Improving Communication:
Your Brain and the “3 Rs”

See also: Interpersonal Communication Skills

*Positive news alert!* Collectively, we can solve many of the world’s problems and effectively navigate common issues in our professional and personal lives. And all we have to do is boost our communication skills.

Sounds pretty straightforward, right?

Huzzah! All aboard the effective communication express. I want to sit near the captain and pull the whistle thing. Choo-choo!

Alas, fellow travelers, this is where we come to a fork in the road.

Aside from oodles of potential for positive change, 21st-century living comes with as much (if not more) possibility for stress. Meaning communication isn’t as easy as hopping the next train to positive interactions-Ville.

Approach with Caution

When we’re feeling pretty darn tootin’, we are naturally more amiable, affable, attentive and other wonderful adjectives beginning with ‘a’. We outwardly signal to others that we’re open to dialogue, leading to meaningful interactions with positive outcomes.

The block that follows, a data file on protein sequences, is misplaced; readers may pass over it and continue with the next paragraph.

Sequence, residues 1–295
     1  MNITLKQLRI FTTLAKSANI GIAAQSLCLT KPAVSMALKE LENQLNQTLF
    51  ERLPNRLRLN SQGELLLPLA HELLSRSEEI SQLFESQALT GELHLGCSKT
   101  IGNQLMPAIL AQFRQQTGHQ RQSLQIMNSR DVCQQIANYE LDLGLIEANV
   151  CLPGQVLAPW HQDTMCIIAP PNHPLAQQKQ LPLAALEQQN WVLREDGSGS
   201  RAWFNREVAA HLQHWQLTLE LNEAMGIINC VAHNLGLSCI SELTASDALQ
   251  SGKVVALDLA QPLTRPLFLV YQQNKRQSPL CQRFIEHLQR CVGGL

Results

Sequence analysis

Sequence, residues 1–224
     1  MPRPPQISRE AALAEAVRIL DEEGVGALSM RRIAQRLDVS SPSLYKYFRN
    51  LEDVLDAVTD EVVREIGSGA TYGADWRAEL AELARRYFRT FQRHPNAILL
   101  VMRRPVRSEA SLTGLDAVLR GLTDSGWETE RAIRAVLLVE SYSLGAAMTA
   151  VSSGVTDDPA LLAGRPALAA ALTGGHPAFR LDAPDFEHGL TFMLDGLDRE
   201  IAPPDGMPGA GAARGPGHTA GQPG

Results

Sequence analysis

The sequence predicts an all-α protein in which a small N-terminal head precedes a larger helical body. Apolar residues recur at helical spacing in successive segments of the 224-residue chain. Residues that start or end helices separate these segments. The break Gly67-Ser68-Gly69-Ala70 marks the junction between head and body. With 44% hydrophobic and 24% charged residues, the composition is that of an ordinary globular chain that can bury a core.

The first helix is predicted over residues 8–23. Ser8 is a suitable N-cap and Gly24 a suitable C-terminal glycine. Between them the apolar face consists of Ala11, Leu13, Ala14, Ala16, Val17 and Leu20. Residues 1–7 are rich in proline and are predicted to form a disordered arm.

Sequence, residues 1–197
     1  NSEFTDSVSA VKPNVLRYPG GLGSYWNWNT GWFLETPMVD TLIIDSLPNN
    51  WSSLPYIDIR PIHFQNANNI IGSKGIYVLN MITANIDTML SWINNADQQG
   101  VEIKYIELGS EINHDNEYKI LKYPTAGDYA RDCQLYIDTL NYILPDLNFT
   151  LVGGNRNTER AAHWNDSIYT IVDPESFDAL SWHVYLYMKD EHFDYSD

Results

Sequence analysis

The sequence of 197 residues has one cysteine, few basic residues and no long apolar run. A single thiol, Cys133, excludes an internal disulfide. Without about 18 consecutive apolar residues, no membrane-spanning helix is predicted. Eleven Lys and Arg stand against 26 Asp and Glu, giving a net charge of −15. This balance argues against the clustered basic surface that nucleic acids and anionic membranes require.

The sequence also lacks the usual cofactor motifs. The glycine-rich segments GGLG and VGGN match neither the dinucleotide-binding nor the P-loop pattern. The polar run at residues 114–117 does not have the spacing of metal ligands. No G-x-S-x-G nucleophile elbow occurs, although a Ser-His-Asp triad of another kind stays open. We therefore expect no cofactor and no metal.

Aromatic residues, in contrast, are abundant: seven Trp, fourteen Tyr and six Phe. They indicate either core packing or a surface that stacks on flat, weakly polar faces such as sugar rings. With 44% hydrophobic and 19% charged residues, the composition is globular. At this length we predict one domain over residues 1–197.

However, when we are stressed out, we will at best miss our station, and at worst, not even board the effective communication express. Because who needs an express ticket to positive interactions-Ville anyway?!

Not us, not on this day, and not in this foul mood-- is the attitude you will signal (even if you’re not conscious of it) L O U D and C L E A R to the people around you.

And the Communication Disaster Scenario Unfolds

When communicating under these conditions, even easy interactions can have disastrous outcomes. Maybe you misinterpret someone else’s intention, or don’t share your ideas clearly, or seem outwardly hostile and easily triggered.

If you’re lucky, a person may walk away with a slightly marred opinion of you; if you’re unlucky, you start an unproductive and unnecessary conflict. If you’re really unlucky, you will escalate said conflict.